Those who supported the idea argued that the election season is running close and people need a political party to belong to.

Mr Ivan Kiyuba, the chairman in Kaliro District, said some colleagues are worried about which platform they will stand on when election time comes. Mr Kiyuba talked about the dilemma they face -- Najjanankumbi will not back any of them, and yet the Katonga outfit is not a registered party.
The other suggestions were to continue with the fight to rescue the party, evict the group led by Mr Patrick Amuriat Oboi and Mr Nathan Nandala Mafabi and regain control of their party headquarters through pursuing an ongoing court petition.

A distant option of reconciliation was also canvassed, but only if Mr Amuriat, Secretary General Nandala Mafabi and Treasury Geoffrey Ekanya leave office, a choice many agreed was highly unlikely.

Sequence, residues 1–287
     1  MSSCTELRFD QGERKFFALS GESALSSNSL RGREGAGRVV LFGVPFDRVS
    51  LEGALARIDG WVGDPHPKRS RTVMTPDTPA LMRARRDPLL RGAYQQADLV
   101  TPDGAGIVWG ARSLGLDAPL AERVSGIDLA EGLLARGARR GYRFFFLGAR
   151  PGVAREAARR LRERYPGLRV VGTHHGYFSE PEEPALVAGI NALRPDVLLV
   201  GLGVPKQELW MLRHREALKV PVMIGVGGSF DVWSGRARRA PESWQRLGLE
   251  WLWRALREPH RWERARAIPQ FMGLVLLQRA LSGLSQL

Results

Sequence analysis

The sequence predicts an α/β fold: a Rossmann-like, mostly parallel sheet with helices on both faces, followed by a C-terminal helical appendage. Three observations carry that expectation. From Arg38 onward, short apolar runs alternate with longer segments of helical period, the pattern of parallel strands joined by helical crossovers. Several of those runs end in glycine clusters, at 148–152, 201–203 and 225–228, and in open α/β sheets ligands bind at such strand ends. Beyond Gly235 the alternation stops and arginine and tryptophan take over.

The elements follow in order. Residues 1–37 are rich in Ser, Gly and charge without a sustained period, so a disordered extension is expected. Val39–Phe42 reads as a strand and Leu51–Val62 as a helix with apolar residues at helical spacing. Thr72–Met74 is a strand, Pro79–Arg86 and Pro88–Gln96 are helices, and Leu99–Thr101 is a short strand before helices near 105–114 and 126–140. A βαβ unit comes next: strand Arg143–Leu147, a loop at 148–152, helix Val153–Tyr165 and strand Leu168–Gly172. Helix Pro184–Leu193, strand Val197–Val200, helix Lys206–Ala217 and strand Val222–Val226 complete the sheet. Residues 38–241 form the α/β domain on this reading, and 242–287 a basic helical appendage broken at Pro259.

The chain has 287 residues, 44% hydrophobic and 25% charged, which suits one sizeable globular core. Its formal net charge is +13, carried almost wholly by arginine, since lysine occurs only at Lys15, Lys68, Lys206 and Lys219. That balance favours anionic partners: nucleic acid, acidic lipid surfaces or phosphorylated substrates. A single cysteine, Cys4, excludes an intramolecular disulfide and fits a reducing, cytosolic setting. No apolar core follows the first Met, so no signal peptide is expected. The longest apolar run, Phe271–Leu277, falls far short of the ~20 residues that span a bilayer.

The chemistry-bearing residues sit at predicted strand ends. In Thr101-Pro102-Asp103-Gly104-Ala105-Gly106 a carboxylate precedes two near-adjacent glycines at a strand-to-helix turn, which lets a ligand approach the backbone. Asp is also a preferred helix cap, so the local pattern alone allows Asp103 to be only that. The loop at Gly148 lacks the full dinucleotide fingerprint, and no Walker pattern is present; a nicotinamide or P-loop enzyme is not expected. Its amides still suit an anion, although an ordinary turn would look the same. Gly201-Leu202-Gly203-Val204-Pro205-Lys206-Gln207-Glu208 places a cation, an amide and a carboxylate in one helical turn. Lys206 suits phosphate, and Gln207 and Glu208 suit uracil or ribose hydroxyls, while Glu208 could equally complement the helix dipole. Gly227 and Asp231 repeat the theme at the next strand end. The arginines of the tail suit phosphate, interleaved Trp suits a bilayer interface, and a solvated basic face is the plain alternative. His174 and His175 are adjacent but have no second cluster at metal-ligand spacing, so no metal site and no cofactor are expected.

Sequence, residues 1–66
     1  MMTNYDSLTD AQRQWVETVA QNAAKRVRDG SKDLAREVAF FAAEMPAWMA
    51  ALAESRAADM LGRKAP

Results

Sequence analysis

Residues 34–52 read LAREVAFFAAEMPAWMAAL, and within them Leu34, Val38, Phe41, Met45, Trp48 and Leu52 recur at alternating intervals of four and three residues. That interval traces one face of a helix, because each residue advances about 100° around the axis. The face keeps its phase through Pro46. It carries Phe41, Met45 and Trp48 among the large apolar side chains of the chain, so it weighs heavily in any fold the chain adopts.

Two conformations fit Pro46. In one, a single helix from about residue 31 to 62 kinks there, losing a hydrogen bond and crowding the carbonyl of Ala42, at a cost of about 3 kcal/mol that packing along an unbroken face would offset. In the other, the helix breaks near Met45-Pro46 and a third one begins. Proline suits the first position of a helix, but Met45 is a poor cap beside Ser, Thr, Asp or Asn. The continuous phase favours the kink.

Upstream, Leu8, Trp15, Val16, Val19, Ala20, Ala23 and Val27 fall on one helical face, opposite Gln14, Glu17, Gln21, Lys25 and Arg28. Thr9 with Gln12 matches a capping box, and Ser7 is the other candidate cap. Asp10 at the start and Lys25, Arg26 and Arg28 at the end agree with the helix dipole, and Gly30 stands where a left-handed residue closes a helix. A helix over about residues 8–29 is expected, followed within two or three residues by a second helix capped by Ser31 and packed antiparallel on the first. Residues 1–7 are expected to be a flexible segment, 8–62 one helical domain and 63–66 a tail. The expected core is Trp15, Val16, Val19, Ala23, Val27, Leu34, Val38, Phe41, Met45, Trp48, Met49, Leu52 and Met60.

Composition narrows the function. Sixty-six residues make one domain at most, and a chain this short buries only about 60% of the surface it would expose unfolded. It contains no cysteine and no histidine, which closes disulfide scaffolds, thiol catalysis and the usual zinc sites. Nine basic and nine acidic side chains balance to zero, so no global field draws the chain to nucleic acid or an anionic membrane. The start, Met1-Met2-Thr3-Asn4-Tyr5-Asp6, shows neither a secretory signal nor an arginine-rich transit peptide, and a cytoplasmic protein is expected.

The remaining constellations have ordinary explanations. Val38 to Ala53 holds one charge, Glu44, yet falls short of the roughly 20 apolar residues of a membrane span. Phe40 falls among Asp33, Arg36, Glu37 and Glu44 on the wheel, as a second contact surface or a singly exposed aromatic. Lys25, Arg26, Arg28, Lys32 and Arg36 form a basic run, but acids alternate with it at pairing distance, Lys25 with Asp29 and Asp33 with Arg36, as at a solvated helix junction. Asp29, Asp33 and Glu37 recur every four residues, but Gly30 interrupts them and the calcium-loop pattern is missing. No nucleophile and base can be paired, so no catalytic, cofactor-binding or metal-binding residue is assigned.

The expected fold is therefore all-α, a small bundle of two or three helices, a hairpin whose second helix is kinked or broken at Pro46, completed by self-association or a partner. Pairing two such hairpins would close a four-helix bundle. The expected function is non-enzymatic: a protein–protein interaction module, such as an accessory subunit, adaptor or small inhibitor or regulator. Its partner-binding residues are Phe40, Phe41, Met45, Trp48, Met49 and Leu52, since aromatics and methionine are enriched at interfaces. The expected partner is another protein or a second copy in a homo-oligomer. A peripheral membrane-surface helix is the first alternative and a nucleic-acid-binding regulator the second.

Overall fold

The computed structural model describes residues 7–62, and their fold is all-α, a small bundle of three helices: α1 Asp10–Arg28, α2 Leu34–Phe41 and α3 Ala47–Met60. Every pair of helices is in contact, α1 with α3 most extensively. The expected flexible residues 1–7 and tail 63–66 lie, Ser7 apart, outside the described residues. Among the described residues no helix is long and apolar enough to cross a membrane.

Alternatively, a social movement where party members will belong or for members to join an already existing political party as a group was discussed.

“Forming a new party takes a lot of time and resources but with strong structures, we can merge with one of the weak political parties,” a member said.
Though the national council adopted all six suggestions, it agreed to leave the final decision to a planned National Delegates conference which was due on March 19. The conference was, however, deferred to an unnamed date two months further on.

Mr Lukwago said since the National Delegates conference is the highest decision-making body, it needs enough time to consult members.
“We have to take tough decisions, but one thing is that we can’t rush decision-taking, we have to toss all the parts of the coin; the debate has just started, it has to go down to the districts. Members we have in the Diaspora have to be on board, generating a consensus is not easy,” Mr Lukwago said.

Ms Florence Lalam, who represents Northern region women league, agreed on the need for a broad consensus.
“Invest more in the grassroots structures and most especially in the women because the direction of this country is mostly decided by women,” Ms Lalam said.